All seven lawsuits address EPA's repeated failure to establish controls for highly toxic air pollutants such as dioxins, PCBs, and mercury ¾ pollutants that can cause devastating health effects even in tiny doses. Today's lawsuit challenges EPA's failure to implement a key requirement in the Clean Air Act: the Act's mandate to reduce emissions of the hazardous air pollutants that are the greatest threat to public health in urban areas. These pollution sources include chemical plants and various types of waste incinerators, among others, but the list is incomplete and most of the sources remain unregulated.
"The Clean Air Act's provisions for hazardous air pollution focus primarily on 'major sources,' that emit very large amounts of pollution each year," said James Pew, an attorney with Earthjustice. "But Congress also recognized that hazardous emissions from smaller sources can significantly threaten public health, especially in towns and cities where such sources may be numerous and concentrated. So Congress required EPA to identify the categories of smaller sources that most threaten public health in urban areas and to ensure that those categories are subject to the same strict standards as the larger sources."
Under the Clean Air Act, EPA was required to identify the relevant categories of smaller pollution sources by November 15, 1995, and to promulgate regulations for them by November 15, 2000.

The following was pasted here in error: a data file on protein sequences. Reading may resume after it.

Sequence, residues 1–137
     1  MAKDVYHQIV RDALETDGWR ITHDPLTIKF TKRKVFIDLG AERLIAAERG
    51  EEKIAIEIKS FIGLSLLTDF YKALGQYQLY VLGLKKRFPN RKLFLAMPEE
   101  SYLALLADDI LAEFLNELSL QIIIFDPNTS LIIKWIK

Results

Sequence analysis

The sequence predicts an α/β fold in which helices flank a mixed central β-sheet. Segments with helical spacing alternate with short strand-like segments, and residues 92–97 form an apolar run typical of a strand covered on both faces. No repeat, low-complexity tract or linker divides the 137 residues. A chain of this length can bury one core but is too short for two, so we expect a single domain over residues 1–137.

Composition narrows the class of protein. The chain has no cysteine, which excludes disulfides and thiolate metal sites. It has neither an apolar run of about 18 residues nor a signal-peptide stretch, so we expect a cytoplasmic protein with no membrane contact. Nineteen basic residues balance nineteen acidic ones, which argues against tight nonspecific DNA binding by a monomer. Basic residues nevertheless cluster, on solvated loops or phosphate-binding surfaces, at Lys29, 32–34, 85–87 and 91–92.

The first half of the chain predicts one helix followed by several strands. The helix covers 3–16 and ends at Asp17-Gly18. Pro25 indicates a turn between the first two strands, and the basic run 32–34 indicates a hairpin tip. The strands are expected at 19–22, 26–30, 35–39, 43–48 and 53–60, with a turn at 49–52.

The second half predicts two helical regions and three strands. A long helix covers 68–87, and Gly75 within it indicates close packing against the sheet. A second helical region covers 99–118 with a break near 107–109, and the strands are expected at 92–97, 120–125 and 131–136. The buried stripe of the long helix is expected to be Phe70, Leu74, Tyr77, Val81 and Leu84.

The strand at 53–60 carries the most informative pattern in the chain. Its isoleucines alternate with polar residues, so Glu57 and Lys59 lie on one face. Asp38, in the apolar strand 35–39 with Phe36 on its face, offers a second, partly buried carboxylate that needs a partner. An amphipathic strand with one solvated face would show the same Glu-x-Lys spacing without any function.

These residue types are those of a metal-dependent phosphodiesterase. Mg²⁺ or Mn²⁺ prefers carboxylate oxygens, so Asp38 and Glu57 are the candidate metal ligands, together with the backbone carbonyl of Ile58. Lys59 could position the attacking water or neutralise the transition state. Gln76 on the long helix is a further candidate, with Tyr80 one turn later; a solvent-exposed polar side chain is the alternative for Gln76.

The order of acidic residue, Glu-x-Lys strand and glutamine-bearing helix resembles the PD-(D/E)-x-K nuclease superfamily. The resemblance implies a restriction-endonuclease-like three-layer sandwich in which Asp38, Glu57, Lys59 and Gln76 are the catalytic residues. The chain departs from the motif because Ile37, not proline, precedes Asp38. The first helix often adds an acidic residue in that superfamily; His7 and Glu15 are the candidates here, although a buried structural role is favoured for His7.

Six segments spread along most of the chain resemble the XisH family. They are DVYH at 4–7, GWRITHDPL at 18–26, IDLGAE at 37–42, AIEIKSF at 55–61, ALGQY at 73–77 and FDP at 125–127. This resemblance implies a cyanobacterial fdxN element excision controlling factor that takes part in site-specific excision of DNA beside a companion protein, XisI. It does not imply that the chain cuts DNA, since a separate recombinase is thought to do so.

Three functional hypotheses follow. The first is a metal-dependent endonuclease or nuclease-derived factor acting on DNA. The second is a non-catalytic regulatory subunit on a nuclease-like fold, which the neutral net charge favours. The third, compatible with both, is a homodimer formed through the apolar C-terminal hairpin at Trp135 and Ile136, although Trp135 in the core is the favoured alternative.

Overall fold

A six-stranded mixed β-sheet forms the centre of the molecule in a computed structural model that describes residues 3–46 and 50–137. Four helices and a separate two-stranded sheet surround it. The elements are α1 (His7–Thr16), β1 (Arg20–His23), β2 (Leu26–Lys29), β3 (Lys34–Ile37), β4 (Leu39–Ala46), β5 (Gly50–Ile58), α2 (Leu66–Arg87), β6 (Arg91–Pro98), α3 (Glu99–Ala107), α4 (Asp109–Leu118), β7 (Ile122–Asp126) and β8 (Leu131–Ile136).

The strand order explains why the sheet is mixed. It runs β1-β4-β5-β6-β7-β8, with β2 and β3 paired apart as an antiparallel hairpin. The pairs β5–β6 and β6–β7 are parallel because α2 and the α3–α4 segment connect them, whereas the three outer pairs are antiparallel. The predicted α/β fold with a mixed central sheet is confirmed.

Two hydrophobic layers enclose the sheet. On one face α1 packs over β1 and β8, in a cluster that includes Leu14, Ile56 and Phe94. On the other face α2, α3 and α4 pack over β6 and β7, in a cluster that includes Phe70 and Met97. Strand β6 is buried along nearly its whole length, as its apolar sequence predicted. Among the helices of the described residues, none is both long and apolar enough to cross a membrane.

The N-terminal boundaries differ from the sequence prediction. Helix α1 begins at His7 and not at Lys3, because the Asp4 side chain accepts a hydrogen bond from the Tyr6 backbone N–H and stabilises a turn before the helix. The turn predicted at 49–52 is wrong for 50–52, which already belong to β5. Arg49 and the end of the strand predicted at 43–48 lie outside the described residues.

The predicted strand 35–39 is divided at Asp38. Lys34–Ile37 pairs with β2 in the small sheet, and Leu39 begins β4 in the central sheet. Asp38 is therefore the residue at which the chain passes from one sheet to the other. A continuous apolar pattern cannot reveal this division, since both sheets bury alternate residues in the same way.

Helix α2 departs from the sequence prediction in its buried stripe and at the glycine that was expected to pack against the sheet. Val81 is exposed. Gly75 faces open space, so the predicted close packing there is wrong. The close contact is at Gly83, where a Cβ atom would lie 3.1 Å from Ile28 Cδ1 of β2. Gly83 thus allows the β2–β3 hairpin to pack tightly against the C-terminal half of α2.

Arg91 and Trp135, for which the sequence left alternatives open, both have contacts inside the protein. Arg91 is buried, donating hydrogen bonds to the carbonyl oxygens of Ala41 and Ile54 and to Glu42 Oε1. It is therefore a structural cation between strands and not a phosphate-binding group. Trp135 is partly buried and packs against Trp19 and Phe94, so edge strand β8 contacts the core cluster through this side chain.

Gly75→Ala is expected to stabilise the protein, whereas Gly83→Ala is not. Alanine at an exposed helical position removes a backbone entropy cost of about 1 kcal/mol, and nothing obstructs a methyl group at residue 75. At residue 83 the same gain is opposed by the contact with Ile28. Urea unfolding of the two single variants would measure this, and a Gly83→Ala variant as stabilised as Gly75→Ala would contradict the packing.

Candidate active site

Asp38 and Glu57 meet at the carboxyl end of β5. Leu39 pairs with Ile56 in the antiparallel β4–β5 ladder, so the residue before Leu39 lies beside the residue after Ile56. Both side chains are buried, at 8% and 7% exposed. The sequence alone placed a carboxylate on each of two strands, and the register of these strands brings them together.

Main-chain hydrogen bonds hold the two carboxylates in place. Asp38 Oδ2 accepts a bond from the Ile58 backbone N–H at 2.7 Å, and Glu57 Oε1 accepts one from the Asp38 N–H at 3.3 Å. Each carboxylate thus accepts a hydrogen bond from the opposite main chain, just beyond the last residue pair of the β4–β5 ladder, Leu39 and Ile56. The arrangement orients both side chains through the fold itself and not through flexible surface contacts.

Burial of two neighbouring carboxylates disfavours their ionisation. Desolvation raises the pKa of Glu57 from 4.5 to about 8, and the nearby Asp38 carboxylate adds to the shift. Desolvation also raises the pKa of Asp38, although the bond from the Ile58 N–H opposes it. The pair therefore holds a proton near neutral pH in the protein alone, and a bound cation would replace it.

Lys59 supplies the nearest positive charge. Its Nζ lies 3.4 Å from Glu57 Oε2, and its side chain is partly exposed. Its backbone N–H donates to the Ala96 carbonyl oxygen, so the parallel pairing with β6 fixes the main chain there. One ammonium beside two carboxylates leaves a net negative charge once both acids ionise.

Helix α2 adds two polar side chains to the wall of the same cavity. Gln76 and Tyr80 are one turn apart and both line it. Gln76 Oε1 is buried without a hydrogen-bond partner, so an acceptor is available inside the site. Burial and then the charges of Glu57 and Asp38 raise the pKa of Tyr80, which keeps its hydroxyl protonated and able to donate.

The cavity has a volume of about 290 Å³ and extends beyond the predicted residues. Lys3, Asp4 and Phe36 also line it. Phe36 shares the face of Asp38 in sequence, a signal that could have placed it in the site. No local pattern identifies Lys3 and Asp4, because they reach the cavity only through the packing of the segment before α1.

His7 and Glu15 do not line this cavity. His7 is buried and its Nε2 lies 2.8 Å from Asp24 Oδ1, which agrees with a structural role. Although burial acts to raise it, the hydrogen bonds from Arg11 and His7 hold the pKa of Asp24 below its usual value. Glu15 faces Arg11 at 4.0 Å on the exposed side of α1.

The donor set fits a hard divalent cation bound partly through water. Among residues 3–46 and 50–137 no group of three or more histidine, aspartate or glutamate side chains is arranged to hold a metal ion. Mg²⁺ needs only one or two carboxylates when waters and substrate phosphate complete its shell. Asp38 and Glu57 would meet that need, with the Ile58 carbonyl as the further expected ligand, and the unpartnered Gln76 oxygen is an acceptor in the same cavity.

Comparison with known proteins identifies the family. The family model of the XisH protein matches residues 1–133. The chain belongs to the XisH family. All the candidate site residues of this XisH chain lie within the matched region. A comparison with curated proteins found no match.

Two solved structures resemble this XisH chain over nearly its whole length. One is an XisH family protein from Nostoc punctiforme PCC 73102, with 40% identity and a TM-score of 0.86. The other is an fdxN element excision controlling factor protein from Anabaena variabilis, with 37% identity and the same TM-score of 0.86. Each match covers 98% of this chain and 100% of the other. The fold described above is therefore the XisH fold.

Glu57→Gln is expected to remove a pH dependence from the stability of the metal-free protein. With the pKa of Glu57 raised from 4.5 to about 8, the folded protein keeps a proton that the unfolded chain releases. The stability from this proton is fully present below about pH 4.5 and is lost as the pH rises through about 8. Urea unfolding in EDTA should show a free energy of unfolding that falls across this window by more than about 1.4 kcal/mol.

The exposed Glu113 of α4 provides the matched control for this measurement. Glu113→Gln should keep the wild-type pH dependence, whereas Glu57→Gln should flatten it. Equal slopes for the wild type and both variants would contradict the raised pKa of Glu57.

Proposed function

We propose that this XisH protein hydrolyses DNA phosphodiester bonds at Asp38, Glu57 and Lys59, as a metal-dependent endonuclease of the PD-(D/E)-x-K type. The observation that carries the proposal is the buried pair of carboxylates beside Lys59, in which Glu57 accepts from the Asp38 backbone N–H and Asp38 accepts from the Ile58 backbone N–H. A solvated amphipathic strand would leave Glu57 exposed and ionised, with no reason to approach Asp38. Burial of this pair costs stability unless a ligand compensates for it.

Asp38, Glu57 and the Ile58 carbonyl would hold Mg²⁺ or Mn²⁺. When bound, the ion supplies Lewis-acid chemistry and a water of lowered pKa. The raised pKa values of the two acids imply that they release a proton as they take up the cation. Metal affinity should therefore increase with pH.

"Almost six years after the statutory deadline, EPA still hasn't even identified all the categories required," points out Dr. Bob Palzer, chair of Sierra Club's Air Committee. "And of the 29 categories that EPA has identified, the agency has left 20 uncontrolled."
"EPA's failure to do its job is putting people at risk, especially people living in the more industrialized parts of cities and towns," said Marti Sinclair, chair of Sierra Club's Environmental Quality Committee. "The risk of disease from these highly toxic pollutants is a risk that Congress wanted EPA to eliminate. Essentially the administration is reneging on Congress's promise."
On behalf of Sierra Club, Earthjustice filed suit in the United States District Court for the District of Columbia.
For more information, contact Suzanne Carrier of Earthjustice (202-667-4500) or Bob Palzer, Ph.D. of Sierra Club (541-482-2492).